Pelvic Organ Prolapse: Why Surgery May Not Be the Best Alternative

Women often hesitate to speak about problems related to reproductive organs. They may visit a gynecologist when planning a pregnancy or during the motherhood journey. However, many women suffer in silence when they encounter pelvic organ prolapse. The condition is caused by the weakening of pelvic floor muscles and ligaments.

While POP is less prevalent than urinary incontinence, it still affects almost 3% of American women. The prevalence is higher in older women because aging contributes to the sagging of muscles and ligaments in the pelvic region. The suffering in most cases is unnecessary, but the bigger concern is that waiting to seek help only worsens the situation.

At the same time, aggressive treatment like surgery may not be the best choice for everyone. Statistics show that 200,000 inpatient surgeries for prolapse are performed in the US annually. However, many of them are not actually required. Moreover, you should weigh the costs and benefits of this option before proceeding with it.

We will explain why a surgical procedure may not be an ideal alternative for pelvic organ prolapse. 

Risk of Complications

Like any surgical procedure, pelvic organ prolapse surgery has risks related to infection and bleeding. Potential complications include injury to surrounding structures, such as nerves and blood vessels.  Further, the procedure entails mesh-related complications like infection and dyspareunia.

The vaginal mesh lawsuit highlights the gravity of mesh-linked complications of the procedure. Further, the FDA ordered manufacturers of surgical mesh for transvaginal repair of POP to stop selling the device in 2019. Women who already had an implant are filing lawsuits to claim compensation for complications like mesh erosion and organ damage.

TruLaw notes that 59% of women have reported experiencing problems with their implants. Unfortunately, they were unaware of the risks related to the implant before the surgery. The legal system permits them to hold the manufacturer responsible and seek compensation for their pain and suffering.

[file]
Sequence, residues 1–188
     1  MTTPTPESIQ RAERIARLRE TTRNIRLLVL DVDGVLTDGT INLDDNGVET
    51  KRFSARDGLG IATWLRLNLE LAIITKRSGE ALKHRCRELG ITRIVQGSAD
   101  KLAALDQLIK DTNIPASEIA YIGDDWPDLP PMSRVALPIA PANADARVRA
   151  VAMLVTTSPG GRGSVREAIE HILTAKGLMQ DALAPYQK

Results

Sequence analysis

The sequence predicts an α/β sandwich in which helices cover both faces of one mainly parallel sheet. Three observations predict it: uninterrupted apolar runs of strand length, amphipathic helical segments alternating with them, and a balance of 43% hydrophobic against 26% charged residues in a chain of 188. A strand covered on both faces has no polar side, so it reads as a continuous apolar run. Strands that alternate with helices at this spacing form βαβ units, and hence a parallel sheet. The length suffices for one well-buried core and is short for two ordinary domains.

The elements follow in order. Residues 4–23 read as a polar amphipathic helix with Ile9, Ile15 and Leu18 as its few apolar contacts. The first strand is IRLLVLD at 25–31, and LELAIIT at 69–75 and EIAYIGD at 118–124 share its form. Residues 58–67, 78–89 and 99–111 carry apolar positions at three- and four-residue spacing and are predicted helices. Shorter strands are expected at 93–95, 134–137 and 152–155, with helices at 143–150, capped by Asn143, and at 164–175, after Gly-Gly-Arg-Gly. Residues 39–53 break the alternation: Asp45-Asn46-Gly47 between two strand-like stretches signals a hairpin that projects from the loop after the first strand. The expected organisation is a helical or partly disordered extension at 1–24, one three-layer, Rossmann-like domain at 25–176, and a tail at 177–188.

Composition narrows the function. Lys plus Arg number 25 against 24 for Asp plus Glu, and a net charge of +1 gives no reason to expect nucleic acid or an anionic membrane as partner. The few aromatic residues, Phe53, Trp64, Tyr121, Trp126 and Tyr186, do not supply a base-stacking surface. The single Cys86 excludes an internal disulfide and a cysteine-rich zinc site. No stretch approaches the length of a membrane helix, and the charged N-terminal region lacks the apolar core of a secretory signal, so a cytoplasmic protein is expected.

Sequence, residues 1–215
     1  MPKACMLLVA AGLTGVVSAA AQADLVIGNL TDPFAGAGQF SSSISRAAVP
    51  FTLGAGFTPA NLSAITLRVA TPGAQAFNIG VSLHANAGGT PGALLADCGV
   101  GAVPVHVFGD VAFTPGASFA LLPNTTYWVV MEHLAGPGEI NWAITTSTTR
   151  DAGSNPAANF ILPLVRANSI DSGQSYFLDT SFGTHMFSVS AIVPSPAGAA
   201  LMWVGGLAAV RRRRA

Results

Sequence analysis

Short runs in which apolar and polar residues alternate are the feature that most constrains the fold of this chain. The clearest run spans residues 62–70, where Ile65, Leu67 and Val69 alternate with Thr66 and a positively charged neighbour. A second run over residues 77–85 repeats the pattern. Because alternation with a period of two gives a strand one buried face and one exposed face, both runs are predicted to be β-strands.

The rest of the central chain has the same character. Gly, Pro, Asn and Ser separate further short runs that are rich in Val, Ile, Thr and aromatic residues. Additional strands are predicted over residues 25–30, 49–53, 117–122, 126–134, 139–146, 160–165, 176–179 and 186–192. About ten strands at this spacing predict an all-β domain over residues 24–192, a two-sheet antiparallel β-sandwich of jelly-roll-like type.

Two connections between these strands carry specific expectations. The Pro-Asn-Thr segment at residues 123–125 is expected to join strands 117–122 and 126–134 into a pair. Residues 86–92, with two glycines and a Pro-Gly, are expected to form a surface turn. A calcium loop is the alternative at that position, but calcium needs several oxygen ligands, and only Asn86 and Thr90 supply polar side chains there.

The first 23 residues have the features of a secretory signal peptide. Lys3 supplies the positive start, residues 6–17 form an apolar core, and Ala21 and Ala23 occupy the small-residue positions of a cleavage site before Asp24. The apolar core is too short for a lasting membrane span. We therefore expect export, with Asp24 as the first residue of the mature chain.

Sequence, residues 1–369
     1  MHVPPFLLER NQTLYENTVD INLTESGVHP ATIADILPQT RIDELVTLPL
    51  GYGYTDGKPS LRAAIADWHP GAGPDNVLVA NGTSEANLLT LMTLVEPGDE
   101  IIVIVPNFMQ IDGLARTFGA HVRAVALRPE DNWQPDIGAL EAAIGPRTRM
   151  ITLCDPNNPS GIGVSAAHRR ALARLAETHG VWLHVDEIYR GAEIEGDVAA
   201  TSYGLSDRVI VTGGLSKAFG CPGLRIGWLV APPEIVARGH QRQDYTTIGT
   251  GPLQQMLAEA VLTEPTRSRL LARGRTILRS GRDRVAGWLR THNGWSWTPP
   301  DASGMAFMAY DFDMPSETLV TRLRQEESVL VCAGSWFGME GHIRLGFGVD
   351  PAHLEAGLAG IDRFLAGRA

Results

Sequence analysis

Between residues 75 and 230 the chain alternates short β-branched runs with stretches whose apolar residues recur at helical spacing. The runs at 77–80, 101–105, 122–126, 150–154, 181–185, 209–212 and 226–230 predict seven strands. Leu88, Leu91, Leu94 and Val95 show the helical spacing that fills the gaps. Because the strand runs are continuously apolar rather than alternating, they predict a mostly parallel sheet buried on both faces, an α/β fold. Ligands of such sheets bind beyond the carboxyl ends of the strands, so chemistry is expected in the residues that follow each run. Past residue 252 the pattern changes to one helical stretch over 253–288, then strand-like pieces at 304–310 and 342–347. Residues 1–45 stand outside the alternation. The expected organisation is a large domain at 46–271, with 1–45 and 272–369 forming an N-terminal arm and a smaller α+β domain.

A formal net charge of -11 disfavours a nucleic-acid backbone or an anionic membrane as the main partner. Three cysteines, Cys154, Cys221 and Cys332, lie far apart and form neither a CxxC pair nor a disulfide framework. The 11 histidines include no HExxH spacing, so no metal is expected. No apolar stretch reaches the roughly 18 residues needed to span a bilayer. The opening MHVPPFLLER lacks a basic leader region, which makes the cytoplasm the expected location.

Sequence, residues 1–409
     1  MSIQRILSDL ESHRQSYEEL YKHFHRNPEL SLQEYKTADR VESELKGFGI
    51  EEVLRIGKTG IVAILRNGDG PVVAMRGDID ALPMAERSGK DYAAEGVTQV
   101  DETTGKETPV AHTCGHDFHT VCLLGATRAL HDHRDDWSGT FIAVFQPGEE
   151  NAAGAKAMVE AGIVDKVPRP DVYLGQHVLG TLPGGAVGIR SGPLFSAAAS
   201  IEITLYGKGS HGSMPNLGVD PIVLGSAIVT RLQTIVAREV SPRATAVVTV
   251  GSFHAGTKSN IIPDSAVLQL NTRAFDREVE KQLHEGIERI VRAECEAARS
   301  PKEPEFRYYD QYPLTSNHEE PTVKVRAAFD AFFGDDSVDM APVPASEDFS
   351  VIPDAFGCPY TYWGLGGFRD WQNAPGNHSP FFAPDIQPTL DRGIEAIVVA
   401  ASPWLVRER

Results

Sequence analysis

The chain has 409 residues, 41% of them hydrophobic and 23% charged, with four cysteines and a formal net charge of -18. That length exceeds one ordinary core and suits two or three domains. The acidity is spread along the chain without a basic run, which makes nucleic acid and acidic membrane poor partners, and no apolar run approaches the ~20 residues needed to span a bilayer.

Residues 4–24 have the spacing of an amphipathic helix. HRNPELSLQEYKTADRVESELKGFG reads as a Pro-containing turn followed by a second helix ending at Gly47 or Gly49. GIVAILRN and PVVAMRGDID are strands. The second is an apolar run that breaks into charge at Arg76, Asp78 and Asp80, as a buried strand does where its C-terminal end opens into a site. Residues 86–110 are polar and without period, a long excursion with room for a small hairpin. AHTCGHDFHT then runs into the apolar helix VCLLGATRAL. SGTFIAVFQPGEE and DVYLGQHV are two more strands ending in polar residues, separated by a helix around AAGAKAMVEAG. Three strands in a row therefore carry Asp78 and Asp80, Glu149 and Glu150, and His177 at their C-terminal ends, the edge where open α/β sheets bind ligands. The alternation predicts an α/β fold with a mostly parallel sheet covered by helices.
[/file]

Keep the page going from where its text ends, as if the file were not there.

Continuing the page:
Recurrence Rates

Recurrence rates are another major concern of pelvic organ prolapse surgery. The procedure does not guarantee a permanent solution. According to surveys, they also have a high reoperation rate with a lifetime risk of 10-20%, a considerable number. You may also require mesh removal surgeries in case of complications like erosion.

Factors such as age, lifestyle, and overall health determine the chances of the prolapse recurrence after surgery. The last thing you want after surgery is a series of procedures to correct the condition or remove a faulty implant. Remember to discuss the risk with your doctor beforehand to have clear expectations. 

Recovery Period and Downtime

Another reason to think twice before opting for a POP surgery is the recovery period and downtime after the procedure. According to the American College of Obstetricians and Gynecologists, patients usually require a few weeks off for recovery. Precautions include avoiding lifting, straining, and vigorous exercise for the first few weeks. Patients should also avoid sex for several weeks. 

Besides the impact of extended downtime on your daily life, work, and social engagements, you must consider the long-term implications. In the long run, you should avoid any activity that increases pressure inside the abdomen. It includes not lifting heavy objects¸ avoiding constipation, and controlling your weight.

Cost Considerations

Surgical procedures for POP, invasive or minimally invasive, can be expensive because they include more than the cost of surgery. You may have to shell out thousands on the procedure, though its cost may vary according to individual needs. Pre-operative assessments, post-operative care, and potential complications can add to the burden.

Further, you may need to spend on long-term precautions such as getting help for domestic work. You may also need to leave a job involving heavy lifting and bending. For some patients, the cost of a POP surgery is a valid reason to consider non-surgical alternatives that are far more cost-effective. 

Conservative Management Options

Over the years, the controversy regarding mesh-related complications has brought attention to conservative management strategies for pelvic organ prolapse. Non-surgical alternatives include lifestyle changes, physical therapy, and the use of pessaries. These are non-invasive approaches, so you don’t have to worry about pain and complications. 

Physical therapy can strengthen pelvic floor muscles, alleviating symptoms by providing support to the organs. A study comparing patients undergoing POP surgery and pessary treatment showed that both alternatives are significantly effective for reducing symptoms. The latter is evidently better from the safety, cost, and recovery time perspective. 

In conclusion, surgery may be the only option for some cases of pelvic prolapse, but it may not be the right one for every patient. You must consider the potential drawbacks and explore alternative approaches before the procedure. If a non-surgical treatment works, there isn’t a better way to regain control and reclaim your quality of life.